After a few meters, it’s clear it won’t get any easier. There’s nothing to hook on and certainly nothing to hold on to. Thanks to an old fixed sling in a stuck friend and the capillary elevation, I scramble a bit higher, step by step all the way across the loose rock (which finally comes down under Tom’s weight), a few meters of blank wall, and finally an anchor.

Leon, trying to spare his dislocating shoulder, performs a mental enema in the form of jumaring on one strand of 7,5-millimeter rope. He didn’t cut it. Somehow, we manage to fight our way up through the third pitch but then I feel I had enough. I climb slowly, my legs tremble, my forearms are spastic, and I barely manage to clip the loose piton in the final moves of the pitch. A few mentally demanding moves in the slab and then an anchor. Hurray! We got over the crux and I can finally tie onto the end of the train and follow the guys leading the rest. The ridge is endless, there’s still quite some climbing and the weather keeps changing all the time. Clear, fog, pure shit – repeat.

On the ridge of Ushba. (photo: T. Horský)

We pass the golden plaque, and at sunset, we stand at the summit of South Ushba. Eureka! We shake hands, take some pictures for Playboy and hurry up down.

We hike down for a while, looking for anything that could serve us as a bivouac. “Look, over there a perfect platform!” We rappel down two pitches from the main ridge into the southern slope. “Oh, well, nothing…“ we dig a snug three-person bench into the snow and secure ourselves using the ropes hanging from the last anchor. The weather calmed down. We’re almost asleep. (picture from bivouac)

At sunrise, we climb back to the ridge and rappel down into C1. Surprisingly enough, the headwall takes only 1 length of rope, however, just through the air. We reach our tent by evening and stay because it’s already too late to go all the way down. Tomorrow’s another day.

The joy of reaching the peak engulfs us. Leon on the left, and Tom. (photo: M. Leskovjan)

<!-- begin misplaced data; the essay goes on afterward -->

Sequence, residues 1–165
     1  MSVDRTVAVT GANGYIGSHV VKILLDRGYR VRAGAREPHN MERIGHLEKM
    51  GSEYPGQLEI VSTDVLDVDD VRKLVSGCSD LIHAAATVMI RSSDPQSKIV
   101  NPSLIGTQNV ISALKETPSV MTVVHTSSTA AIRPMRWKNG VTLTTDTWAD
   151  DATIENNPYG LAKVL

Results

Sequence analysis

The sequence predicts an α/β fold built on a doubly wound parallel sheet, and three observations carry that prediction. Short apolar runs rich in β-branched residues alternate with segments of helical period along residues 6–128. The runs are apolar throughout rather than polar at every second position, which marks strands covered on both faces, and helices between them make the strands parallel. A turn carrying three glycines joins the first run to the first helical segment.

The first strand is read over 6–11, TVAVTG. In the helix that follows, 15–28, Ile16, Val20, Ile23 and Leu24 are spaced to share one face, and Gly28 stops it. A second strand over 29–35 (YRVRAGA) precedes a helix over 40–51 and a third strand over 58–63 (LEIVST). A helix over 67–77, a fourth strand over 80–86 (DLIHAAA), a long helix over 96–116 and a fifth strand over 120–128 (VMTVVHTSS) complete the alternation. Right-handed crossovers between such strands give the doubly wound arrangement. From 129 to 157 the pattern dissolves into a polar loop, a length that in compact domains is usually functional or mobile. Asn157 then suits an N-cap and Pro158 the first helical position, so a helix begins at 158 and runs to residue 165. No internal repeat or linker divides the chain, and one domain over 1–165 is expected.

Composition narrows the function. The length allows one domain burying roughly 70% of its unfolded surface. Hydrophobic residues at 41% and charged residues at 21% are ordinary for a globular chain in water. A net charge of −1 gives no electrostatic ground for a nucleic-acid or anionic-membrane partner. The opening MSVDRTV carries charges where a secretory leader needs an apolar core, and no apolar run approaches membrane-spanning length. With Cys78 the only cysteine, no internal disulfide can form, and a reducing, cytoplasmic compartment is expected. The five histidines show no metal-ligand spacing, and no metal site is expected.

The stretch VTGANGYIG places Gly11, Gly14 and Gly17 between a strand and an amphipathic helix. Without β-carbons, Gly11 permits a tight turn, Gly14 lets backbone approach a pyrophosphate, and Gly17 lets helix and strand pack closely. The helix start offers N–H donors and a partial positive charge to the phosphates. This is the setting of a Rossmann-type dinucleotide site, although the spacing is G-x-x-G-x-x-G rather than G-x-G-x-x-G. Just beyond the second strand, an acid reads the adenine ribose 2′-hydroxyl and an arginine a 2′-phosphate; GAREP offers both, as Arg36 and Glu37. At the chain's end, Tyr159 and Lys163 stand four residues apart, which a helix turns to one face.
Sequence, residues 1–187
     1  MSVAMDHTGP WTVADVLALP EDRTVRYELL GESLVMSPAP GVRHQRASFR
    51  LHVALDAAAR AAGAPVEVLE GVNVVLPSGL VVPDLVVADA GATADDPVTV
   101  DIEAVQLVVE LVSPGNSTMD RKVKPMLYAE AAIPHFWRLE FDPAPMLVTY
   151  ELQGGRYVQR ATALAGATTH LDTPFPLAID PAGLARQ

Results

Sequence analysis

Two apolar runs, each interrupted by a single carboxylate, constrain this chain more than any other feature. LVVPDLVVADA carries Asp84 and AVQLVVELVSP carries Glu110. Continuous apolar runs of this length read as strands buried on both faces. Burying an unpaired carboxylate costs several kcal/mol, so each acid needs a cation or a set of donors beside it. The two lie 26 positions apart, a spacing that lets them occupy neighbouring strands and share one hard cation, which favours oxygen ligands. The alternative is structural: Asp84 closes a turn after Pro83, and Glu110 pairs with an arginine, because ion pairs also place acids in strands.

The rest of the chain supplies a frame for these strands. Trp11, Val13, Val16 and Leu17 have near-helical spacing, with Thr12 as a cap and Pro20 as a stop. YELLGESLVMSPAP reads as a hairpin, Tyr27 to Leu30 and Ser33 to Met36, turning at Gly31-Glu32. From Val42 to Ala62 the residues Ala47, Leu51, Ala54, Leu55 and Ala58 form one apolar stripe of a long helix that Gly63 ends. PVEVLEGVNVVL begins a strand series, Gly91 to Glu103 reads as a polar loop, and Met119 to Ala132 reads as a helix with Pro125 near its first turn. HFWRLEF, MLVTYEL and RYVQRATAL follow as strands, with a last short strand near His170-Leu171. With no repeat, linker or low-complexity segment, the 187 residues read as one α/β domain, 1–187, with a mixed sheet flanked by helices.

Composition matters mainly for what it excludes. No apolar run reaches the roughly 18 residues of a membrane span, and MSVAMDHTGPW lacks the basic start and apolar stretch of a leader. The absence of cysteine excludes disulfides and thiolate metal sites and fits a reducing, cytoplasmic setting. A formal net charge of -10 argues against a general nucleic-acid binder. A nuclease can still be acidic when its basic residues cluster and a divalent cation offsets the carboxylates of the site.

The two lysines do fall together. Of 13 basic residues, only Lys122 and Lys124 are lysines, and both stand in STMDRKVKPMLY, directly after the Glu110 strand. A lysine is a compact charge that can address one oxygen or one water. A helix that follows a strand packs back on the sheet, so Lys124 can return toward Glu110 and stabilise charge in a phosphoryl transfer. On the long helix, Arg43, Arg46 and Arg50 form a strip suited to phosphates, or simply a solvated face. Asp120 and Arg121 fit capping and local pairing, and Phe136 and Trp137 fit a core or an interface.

We get up quite early and rappel from the top of the water slide almost to the foot of the wall. The descent is for connoisseurs only. Following the lesson the mountain gave us last time, we had picked the best spots for our rappeling slings already during the ascent, which saves us a lot of time on our way down. As truly experienced climbers, we get repeatedly tangled into our ropes and spend the extra time trying to untangle them. As we go down, there’s, unfortunately, fewer anchors and less snow. The exposed bottom ramp turns out to be a system of washed-out slabs covered in loose scree. Every time we pull down a rope, it takes a down grapeshot of various-sized stones.

We play Sherlock Holmes searching for another rock or crack that could hold a piton, uncomfortably lengthening the time we are exposed to the shooting stones. We rather decide to ignore the tracks after a stone avalanche that crosses our descent route. After twelve hours of rappelling, we stand on the glacier. The snow’s gone, so we hurry up and leave this minefield. We arrive in BC completely exhausted. The descent from C1 took us more than twice the time of climbing to the same place. 

We’re happy. We’re happy that we’ve made our way back and what more, we don’t need to climb the mountain again.

It’s over. Finally.

Some more moving pictures for you… (video: P. Novosad)

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„Khergiani’s Route“ to Ushba 4710 m.a.s.l. (5B Russian classification, ED, 3–4 days, climbing in headwall M5+ A2, couloirs 65°, elevation difference 1700 m, objectively dangerous due to falling stones. In 1937, the first ascent took five days.)

Martin „Lesko“ Leskovjan, Tomáš „Tom“ Horský and Petr „Leon“ Novosad climbed the route in July 2019. Photo of the equipment.

„Khergiani’s Route“ – TOPO